The ongoing battle over the employment rights of app-based drivers reached a new stage last week, when a group of drivers and union leaders brought a lawsuit to block a new set of ballot measures aimed at exempting app-based drivers from employment protections.
When workers are categorized as employees, rather than independent contractors, the law requires their employer to provide them with certain benefits and protections. In Massachusetts, the test for determining who is an employee for purposes of the Wage Act is particularly inclusive. In the growing gig economy, providing gig workers with the expansive protections the law grants employees can be costly for employers, which has led to many battles over gig workers’ status.
In Massachusetts, that battle grew serious in July 2020, when then-Attorney General Maura Healey filed a lawsuit in against Uber and Lyft on behalf of drivers, seeking a declaration that they qualify as employees under the Massachusetts Wage Act. That lawsuit is currently scheduled for trial in May of this year.
Since that time, a Massachusetts campaign funded largely by Uber, Lyft, Doordash, and Instacart has worked to amend Massachusetts employment statutes to carve out drivers and explicitly declare that they are not employees. These laws would require that companies provide their drivers with certain benefits, such as a healthcare stipend and a minimum net earnings floor, but are not identical to protections given to employees under existing statutes. The companies’ last effort ended in a decision from the Massachusetts Supreme Judicial Court that the group’s proposed ballot initiative was unconstitutional, because it presented too many different questions to voters. In its decision, the court focused on the way the ballot question combined company liability for accidents or torts with the relationship between companies and drivers, and specifically avoided answering the question of whether the complex changes to the driver/company relationship, on their own, would be related enough to pass constitutional muster.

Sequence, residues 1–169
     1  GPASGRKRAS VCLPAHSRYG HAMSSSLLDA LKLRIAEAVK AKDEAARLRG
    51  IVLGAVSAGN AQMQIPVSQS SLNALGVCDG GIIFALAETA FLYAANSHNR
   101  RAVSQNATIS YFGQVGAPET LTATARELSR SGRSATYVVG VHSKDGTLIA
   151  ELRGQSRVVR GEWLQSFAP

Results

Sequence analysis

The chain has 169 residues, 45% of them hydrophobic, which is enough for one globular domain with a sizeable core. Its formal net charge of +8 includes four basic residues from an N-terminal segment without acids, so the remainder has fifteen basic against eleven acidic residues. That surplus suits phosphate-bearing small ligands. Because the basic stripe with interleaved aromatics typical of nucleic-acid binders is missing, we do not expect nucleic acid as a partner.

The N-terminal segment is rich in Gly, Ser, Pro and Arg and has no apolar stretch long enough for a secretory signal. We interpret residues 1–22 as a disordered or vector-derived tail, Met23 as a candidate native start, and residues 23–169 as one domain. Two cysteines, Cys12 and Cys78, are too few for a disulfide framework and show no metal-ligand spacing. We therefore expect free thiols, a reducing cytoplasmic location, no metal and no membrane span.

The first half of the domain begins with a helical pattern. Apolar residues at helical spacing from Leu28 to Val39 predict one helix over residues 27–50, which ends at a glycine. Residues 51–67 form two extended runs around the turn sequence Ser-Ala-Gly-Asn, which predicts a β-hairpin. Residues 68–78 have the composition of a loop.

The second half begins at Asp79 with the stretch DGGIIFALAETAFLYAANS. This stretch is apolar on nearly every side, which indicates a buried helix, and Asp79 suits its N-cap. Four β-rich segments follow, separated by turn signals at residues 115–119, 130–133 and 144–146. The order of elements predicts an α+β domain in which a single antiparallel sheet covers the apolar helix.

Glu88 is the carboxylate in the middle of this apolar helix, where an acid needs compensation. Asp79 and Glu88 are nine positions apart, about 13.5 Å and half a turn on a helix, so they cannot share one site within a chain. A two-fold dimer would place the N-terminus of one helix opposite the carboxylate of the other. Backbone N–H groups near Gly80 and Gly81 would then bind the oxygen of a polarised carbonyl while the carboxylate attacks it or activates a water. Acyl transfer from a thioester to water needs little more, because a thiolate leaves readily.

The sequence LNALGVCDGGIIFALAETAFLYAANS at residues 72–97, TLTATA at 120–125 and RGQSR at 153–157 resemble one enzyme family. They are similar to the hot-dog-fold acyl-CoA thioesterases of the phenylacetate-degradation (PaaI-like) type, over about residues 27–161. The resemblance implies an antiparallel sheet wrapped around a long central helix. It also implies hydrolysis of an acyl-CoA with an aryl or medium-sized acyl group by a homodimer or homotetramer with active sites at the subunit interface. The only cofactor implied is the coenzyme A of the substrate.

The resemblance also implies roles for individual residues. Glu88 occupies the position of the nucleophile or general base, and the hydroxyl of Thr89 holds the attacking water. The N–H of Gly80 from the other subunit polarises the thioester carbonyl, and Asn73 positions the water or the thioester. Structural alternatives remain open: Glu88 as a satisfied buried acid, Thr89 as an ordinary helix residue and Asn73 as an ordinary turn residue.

This year, the Attorney General certified five differently-worded ballot questions brought in petitions from the advocacy group in a second attempt at legislative change to the relationships. Earlier this month,, a group of workers brought suit asking the Supreme Judicial Court to block the new ballot measures on the grounds that the changes to the driver/company relationship alongside the creation of a complex new set of benefits still touches on too many questions, and is unconstitutional.
For the time being, whether gig workers may qualify as employees remains an open question. If the SJC allows the ballot questions to proceed, then in November the people of Massachusetts will be faced with the question of whether to carve app-based drivers out as a separate category of workers and exempt them from existing employment protections. The companies have been marketing their initiative as a win for the flexibility drivers want, but their proposal for custom-made legislation intentionally removes an important segment of workers from employment protections that are in place to protect workers’ rights. Particularly if the upcoming trial in May in the Attorney General’s lawsuit results in a ruling that these drivers are employees under existing law, removal of those protections a few months later by legislation drafted by the employers should be treated with caution.
If you have a question about whether or not you are an employee who is afforded protection under a specific statute, we encourage you to contact our employment attorneys at (617) 742-6020.